Routes with sector length of less than 4,000km: 56
Aircraft on sector lengths of more than 4,000km: Airbus A320; Boeing 787-8, 787-9
Longest flight by distance: Singapore to Berlin (9,936km)
The Singapore Airlines low-cost unit saw its operating profit fall from S$3 million ($2.2 million) to S$1 million in the second quarter of 2018.
Scoot's longest route, a Singapore-Berlin service, was launched in June this year, while it also flies long-haul services to Athens, Honolulu and destinations in Australia.
Much of the budget carrier's focus in recent years has been on the integration of fellow SIA carrier Tigerair, which added a number of Airbus narrowbodies to Scoot's fleet.
Speaking to FlightGlobal in the middle of last year, Scoot chief executive Lee Lik Hsin said the carrier was focusing on improving feed between the group's narrowbody and widebody operations.
Beyond its own operations, Scoot's strategy is very closely tied to that of its parent.
In June, SIA senior vice-president of corporate planning Lee Wen Fen said of the group's network strategy: "It's really looking at various markets and saying, does this market warrant an LCC, or full service, or is the market big enough for both... and then working out amongst ourselves, co-ordinating within the group on who should fly where and how do we manage overlaps."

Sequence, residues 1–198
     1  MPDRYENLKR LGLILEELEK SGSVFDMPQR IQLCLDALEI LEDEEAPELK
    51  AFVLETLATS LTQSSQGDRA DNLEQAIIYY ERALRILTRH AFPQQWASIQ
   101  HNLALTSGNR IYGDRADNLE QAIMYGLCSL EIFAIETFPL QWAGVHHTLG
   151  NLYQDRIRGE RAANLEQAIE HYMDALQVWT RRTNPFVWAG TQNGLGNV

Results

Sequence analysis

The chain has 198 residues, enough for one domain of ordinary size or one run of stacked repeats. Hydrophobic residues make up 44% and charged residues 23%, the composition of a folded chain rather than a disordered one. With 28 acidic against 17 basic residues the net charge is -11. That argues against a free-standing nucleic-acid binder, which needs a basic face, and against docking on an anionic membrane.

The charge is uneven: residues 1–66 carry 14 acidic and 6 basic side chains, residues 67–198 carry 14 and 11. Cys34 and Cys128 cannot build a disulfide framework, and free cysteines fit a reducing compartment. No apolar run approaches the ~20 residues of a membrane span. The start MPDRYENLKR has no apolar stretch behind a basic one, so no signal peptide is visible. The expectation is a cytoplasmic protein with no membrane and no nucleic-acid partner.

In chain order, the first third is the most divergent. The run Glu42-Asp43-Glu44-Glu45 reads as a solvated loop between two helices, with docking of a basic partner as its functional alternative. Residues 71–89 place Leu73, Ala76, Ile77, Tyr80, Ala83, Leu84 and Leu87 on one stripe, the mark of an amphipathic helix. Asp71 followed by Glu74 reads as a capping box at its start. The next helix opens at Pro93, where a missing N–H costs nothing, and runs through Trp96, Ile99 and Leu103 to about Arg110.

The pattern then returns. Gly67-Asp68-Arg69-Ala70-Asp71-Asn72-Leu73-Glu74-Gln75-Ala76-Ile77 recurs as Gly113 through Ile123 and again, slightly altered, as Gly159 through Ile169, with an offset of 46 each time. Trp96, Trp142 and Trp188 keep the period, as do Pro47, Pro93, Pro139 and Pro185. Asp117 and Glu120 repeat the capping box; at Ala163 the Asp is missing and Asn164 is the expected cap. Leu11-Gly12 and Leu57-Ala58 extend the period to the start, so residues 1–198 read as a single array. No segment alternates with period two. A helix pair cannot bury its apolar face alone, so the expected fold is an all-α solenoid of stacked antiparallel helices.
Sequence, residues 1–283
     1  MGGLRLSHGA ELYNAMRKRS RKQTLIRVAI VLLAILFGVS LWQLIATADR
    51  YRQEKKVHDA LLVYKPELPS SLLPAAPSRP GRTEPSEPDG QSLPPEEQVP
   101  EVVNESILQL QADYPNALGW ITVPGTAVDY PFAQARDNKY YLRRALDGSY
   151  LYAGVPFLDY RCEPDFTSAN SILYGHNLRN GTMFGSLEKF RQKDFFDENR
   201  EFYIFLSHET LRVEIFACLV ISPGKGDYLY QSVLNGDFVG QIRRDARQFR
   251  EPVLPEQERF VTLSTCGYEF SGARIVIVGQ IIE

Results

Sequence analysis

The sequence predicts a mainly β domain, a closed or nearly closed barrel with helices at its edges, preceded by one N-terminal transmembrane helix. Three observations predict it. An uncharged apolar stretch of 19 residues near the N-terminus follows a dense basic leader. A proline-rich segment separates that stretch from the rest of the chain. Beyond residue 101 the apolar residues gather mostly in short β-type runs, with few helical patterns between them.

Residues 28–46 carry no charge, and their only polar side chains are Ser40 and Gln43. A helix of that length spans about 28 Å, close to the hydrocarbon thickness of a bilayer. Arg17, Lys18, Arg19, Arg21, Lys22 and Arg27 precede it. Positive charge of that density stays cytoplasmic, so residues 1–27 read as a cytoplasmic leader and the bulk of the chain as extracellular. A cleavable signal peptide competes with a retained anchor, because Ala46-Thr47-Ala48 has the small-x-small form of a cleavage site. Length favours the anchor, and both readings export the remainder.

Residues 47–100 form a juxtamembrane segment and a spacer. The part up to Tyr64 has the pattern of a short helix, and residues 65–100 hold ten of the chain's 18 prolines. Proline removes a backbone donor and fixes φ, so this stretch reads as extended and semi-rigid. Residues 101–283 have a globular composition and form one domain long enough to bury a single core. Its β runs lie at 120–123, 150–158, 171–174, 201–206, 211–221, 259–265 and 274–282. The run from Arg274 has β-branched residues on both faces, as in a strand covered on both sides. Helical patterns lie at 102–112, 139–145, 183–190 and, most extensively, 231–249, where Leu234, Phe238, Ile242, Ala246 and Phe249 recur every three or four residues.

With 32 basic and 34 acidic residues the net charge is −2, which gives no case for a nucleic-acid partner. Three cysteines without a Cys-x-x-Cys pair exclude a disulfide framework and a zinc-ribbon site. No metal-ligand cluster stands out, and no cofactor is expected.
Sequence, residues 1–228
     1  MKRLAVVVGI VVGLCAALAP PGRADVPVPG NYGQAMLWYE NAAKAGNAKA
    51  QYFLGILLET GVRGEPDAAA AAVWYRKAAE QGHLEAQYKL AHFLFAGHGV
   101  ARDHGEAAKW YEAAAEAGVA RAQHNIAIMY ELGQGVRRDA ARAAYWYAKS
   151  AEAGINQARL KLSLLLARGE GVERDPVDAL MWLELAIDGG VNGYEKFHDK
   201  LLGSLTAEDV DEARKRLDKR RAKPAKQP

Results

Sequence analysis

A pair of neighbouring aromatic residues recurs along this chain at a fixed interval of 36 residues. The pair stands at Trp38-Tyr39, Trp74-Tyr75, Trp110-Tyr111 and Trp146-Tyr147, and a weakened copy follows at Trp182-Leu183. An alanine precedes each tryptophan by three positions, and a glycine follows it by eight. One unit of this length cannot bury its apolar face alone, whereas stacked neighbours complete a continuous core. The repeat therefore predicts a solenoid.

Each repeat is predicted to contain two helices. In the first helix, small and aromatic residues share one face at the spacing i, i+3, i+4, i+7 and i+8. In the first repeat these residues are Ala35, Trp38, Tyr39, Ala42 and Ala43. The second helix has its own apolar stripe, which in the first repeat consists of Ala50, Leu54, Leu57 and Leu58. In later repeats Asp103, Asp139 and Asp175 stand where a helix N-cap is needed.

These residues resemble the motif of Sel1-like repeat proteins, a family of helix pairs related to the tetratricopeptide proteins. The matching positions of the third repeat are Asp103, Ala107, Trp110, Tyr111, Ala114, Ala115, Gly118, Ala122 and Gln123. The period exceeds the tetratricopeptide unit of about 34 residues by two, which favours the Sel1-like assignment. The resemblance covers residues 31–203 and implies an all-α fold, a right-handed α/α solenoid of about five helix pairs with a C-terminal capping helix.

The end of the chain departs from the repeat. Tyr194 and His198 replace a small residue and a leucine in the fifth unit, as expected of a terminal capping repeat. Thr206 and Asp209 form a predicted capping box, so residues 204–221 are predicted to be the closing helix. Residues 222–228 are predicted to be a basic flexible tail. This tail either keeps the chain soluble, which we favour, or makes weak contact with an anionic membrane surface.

Contrary to the belief of many, Cebu Pacific's purchase of 16 Airbus A330-900NEO is intended to be able to increase capacity in congested airports in key destinations. The logic is simple but very smart. NAIA is not the only one congested, airports in other Asia-Pacific destinations are too. Slots may be limited and requested for more of them may be too expensive or even scarce. So instead of requesting for more slots, Cebu Pacific will increase capacity by using a single widebody aircraft instead of two narrowbodies. With a 460-seat layout, Cebu Pacific's A330-900NEO is almost double the capacity of their A321NEO. The airline recently is putting on hold its long-haul low cost plans and would rather concentrate on high RPK routes within Asia and Australia.
Long-haul low-cost is indeed a model that should be carefully studied due to the very high costs involved, particularly fuel and other expenses. Competition from legacy carriers is another thing, a sector where they dominate well. Should
AirAsia X decide to launch its planned transpacific flights, this would be something to watch out, definitely a make or break thing for the long-haul low cost market.
Read the complete analysis and write-up of FlightGlobal on long-haul low-cost travels here.